Beti continues the thrilling drama in episode 2 without missing a beat and brings us back to Mariam’s in-laws’ house where she finds herself clashing with their ignorance. The horrifying thought process of Mariam’s in-laws is further revealed when Taimoor, Azhar’s older brother, finds himself the father of an unexpected daughter. Under pressure from his grandmother, his wife is tearfully forced to kill her own daughter. However, the turmoil does not end there. Mariam (Saheefa Jabbar) who is pregnant herself, visits the hospital to find the gender of her own baby and discovers that she too is going to be the mother of a daughter.
There is never a banal moment in this drama, with more to explore with each second. Firstly, Sonia having to recite the azaan into her daughter’s ear before taking her off the ventilator was such a well-handled scene, and of all that Beti has offered, it was the most heartbreaking (which is saying a lot). The tragedy was not overplayed, rather was tactfully portrayed. Secondly, now that Sonia lost the battle against the vile in-laws, we cannot help but root for Mariam who does not stand even a single moment of misogyny exhibited by them. Not only does the character speak up for what is right even if it means going against her own husband, she also displays patience and bravery in the face of the ignorance thrown her way, essentially being a rather well-written character as a whole. Within this, Saheefa Jabbar really catches the viewer’s attention since she portrays the fearful determination of her character very well.
The writing continues its heavy themes of social commentary, especially when Azhar himself shows how blatantly in denial he is. While the ignorance of the grandmother is pretty direct and in the audience’s faces, Azhar’s ignorance is far more realistic since he simply cannot gauge the possibility of having a daughter. His masculinity is somehow threatened by the very thought, and although he seems to accept Mariam’s argument that “there’s nothing wrong with daughters’, he repeats over and over that his child will be a boy constantly. While there are many who openly express ideas similar to the grandmother’s, Azhar’s reasoning is a result of childhood conditioning which many of us can relate to. Although we might not intend on fostering such notions, they still exist within us despite everything. To overcome such deeply-rooted beliefs is a hard thing to do, and Azhar’s refusal to see the problem within himself shows this very thing.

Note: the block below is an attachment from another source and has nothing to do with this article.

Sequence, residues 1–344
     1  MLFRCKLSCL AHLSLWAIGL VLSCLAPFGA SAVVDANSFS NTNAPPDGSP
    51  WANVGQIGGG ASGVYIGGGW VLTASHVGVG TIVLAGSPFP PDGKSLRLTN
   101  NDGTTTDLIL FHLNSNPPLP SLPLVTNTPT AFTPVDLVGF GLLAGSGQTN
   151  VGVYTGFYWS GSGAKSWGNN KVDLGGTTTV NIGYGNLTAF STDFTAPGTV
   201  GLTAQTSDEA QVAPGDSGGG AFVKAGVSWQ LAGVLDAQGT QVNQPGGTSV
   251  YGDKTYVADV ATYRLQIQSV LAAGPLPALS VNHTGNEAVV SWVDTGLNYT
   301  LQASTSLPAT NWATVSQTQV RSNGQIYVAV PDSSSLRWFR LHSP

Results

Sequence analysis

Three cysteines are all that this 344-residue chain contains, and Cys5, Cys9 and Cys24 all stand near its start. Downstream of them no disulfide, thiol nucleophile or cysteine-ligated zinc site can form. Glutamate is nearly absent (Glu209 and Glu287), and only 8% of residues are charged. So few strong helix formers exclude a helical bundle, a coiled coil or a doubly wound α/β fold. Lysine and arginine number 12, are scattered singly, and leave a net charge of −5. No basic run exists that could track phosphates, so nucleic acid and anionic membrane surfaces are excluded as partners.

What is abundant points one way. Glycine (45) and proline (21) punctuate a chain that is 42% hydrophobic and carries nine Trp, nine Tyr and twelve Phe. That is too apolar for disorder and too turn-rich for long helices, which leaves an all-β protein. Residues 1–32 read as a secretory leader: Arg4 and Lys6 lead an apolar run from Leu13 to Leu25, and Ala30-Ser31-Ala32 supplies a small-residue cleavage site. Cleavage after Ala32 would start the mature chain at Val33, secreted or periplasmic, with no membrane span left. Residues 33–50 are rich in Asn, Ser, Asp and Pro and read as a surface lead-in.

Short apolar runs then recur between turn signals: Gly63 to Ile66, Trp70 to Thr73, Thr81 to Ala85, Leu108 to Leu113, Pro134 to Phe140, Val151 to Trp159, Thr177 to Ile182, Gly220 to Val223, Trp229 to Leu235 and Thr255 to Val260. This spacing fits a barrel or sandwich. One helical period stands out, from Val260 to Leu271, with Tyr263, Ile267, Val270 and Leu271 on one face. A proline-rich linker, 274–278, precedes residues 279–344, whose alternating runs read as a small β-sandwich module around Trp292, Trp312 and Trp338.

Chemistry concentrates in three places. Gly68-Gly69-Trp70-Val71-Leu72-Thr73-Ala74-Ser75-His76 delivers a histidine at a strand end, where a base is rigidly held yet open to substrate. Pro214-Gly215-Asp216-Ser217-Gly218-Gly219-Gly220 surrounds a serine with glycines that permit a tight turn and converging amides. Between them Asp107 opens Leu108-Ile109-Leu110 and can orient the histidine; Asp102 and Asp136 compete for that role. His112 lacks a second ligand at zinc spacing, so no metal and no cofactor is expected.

Even at a more perfunctory glace, characters like the grandmother play a strategic role in developing not just the plot but the protagonist as well. Asma Abbas plays the role of the villain meticulously and the placing of the character’s scenes are also not overdone. It has a good balance of social criticism and an entertaining drama.